Monday, October 15, 2007

Fourteen Lines: Sonnet-Addiction

The sonnet-form of poetry has been around for about 800 years. That's a long time, from where I'm sitting, but maybe not from where geology is sitting.

It's a form that should be worn out by now (indeed, most working poets today probably view it as a worn out form), but it's simply too addictive--to poets as well as readers of poetry--to be abandoned. From an American perspective, one might compare it to the blues form or the three-chord country-and-western song. In one sense we feel as if we've heard it all before when we think of these forms, but on closer inspection, the possibilities for variations and innovations within the tight form are endless, and indeed one source of fascination is what the next person will do with the form, given the form's tight guidelines. The tension between tight, conventional form and innovation becomes a source of inspiration and interest. Of course, it's always possible to disobey a form's guidleines significantly, something that happened when the sonnet-form lept, so to speak, from Italy to England.

"Sonnet," so the story goes, springs from a similar word in Italian that means "little song" or "little sound." Apparently it began life as a song-form within larger works, in Sicily, at the court of Frederick, in the 1200s. We associate the form now with the Renaissance Italian poet Petrarch, and his sonnets refined the octave [8 lines]/sestet [6 lines] form. It's easier to rhyme in Italian than in English, so Petrarch was able to use as few as four rhymes over the 14 lines. Thomas Wyatt tried to keep the Petrarchan form going in English but started to vary the rhyme-scheme, and his iambic pentameter was pretty rough. As we know, Shakespeare put the real English stamp on the form, solidifying the three-quatrain/couplet form, which, among other things, allows for more rhymes. Shakespeare's iambic pentameter tends to be more regular than Wyatt's; that's for sure. Shakespeare also deviated from and even made fun of conventions of the sonnet. For example, in Sonnet 18, he asks, "Shall I compare thee [his beloved] to a summer's day?" The rest of the sonnet implicitly answers, "Yes and no," because he does draw comparisons but points out their inadequacy, thereby disrupting the convention of describing someone's beauty in terms of nature (a.g., a woman's complexion = that of a rose). Not to get too cute, but Sonnet 18 is both a sonnet and a meta-sonnet, a sonnet that shows off the poet's awareness of the tradition in which he writes.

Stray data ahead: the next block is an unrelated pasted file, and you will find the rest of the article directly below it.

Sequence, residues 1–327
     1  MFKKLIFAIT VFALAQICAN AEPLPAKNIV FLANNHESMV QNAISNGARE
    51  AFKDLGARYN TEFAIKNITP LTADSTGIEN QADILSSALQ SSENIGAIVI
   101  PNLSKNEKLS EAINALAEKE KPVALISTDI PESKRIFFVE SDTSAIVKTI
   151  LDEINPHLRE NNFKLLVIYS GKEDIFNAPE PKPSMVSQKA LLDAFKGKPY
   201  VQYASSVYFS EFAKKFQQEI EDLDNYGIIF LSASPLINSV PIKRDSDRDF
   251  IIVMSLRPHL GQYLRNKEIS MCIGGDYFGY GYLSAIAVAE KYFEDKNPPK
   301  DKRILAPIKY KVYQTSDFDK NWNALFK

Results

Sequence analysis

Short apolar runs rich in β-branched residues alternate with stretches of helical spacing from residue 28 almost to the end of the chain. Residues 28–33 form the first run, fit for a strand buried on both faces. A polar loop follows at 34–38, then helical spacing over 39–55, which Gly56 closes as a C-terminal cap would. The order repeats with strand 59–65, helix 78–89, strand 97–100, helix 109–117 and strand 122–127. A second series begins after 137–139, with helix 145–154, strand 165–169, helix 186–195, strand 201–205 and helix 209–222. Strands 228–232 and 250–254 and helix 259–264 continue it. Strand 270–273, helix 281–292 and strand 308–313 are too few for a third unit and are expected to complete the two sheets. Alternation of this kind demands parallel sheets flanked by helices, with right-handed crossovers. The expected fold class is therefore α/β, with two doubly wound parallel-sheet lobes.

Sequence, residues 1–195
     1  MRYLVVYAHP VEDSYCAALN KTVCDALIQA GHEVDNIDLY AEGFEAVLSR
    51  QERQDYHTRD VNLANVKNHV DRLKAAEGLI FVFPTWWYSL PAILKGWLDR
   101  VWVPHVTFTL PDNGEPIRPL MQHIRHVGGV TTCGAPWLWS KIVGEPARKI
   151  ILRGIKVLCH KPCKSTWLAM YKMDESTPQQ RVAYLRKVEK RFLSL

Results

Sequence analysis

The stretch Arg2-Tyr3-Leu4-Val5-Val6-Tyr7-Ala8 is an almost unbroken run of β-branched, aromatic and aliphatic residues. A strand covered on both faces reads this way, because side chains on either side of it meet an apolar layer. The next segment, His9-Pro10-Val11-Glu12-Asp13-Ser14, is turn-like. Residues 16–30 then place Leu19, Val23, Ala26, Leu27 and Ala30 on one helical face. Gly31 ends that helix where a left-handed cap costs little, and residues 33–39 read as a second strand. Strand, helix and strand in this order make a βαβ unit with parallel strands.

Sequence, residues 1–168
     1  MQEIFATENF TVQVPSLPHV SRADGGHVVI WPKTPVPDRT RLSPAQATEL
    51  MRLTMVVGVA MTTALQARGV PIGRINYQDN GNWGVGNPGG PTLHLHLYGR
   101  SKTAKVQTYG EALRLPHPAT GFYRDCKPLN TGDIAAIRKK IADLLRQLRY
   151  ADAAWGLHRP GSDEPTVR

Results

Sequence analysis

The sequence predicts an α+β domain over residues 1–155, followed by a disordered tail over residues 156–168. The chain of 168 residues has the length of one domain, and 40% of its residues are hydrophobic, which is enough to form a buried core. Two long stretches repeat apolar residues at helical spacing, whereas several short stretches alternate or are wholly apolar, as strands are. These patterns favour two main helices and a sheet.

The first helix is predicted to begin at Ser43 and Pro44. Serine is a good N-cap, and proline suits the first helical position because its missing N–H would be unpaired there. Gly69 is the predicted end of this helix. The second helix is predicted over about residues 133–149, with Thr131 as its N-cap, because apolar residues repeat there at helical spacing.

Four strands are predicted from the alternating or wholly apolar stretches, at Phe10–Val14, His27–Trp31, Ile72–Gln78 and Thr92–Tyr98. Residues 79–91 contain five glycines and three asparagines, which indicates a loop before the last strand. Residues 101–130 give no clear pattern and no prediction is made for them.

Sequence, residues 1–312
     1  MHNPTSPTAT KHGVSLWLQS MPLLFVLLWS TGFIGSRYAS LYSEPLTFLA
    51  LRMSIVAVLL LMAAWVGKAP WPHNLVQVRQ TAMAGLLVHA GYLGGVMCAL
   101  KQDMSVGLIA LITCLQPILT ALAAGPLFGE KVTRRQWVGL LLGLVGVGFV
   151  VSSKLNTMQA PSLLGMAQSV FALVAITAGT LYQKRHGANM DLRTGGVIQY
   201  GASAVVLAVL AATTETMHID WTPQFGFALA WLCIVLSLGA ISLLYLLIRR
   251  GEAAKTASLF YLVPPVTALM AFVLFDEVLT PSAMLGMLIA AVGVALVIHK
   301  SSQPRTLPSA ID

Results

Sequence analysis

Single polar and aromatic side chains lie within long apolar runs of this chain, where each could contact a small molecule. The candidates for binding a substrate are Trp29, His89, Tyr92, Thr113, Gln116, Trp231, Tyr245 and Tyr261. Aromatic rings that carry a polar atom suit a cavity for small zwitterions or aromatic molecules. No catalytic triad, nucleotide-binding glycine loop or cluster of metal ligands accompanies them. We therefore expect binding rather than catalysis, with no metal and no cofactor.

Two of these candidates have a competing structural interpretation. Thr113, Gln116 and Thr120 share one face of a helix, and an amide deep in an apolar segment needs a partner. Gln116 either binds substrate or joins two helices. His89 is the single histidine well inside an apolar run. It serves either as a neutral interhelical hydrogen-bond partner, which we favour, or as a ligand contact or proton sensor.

Like Dickinson's poetry, sonnets are often met with resistance because they can seem too formal, encoded, and remote--something that belongs to dusty volumes in libraries or only to English teachers. But once you crack the surface, so to speak, they're very satisfying little puzzles to work on, and they often make quick little arguments, often feinting in one direction, going in another direction, and ending with emphasis, surprise, or both. And by the time Countee Cullen writes his famous sonnet, "Yet Do I Marvel" (in the Harlem Renaissance), almost any subject is open to the sonnet; it's no longer a song of love. "Yet Do I Marvel" may well be my most favorite sonnet of all time, with all due respect to the Shake-meister-general.

In one sense, sonnet-writing and sonnet-reading can be described as a figurative addiction, not so different from that to crossword puzzles or soduku. In another sense, sonnet-writing and sonnet-reading are like a big ongoing party you can visit. It's a welcoming tradition. That one is welcome doesn't necessarily mean that the sonnet one tries to write will succeed or that every sonnet one reads will be satisfying. It just means a grand, flexible, evolving tradition continues--a moveable feast.

I usually have students (as poets or readers) write a "sound sonnet," in which individual lines or sentences make sense but in which the sonnet overall need not, and indeed should not, make sense. The idea is to liberate the students from having to mean so that they may focus on the meter and rhyming, the building of three quatrains and a couplet. Ironically, the hardest part of the exercise turns out to be not making sense. In most cases, the "sound sonnets" quickly begin to be about something.

I invite you to write a sound-sonnet, a 10 [syllables; every other syllable stressed] X 14 [lines] poem, as my late friend Wendy Bishop referred to it. Try not to mean!

I participate in the tradition chiefly by reading (and teaching) sonnets, but every so often I attend the party as a writer. In the following sonnet, I decided to have the poem try (at least) to meaning something, I decided to stick with the English or Shakespearian form (three quatrains and a couplet), I decided to adhere, with a few variations, to iambic pentameter, but I also decided to be flexible with the rhyming by using some slant- or half-rhymes.

Making the Soul’s Re-acquaintance

It seems you must give up your long-term lease
On being right and wronged, righteous and hurt.
No doubt there’s someone else who would be pleased
To lord over that haughty piece of Earth.

Move to a cottage of humility,
Cross-breezes, and a pantry full of jars
That hold your faults, preserved for scrutiny.
Live with the wretchedness of who you are.

Chop kindling from the stump of your assumptions,
And ask forgiveness from each simple wall.
It won’t be long before you sense resumption
Of simple gratitude for life and all.

Of course you’ll want to pray again, poor sod.
But keep it basic: pray there is a God.

from The Coast Starlight: Collected Poems 1976-2006, Hans Ostrom.

Here's a wonderful site, by the way, for sonnet enthusiasts, addicts, or casual visitors:
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